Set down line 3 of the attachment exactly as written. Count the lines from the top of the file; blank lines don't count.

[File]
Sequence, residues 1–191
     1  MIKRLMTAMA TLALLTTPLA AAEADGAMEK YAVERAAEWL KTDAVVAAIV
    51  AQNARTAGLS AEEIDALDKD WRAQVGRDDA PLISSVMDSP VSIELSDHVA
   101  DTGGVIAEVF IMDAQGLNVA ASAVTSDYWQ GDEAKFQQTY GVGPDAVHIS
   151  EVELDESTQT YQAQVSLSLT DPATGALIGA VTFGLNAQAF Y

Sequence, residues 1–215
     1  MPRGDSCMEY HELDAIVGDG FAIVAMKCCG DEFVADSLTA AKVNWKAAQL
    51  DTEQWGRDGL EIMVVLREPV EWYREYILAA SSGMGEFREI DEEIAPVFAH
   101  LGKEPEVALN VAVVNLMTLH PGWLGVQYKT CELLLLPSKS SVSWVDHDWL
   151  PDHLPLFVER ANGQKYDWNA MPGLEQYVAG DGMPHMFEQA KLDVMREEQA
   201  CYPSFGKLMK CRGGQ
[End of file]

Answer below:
    51  AQNARTAGLS AEEIDALDKD WRAQVGRDDA PLISSVMDSP VSIELSDHVA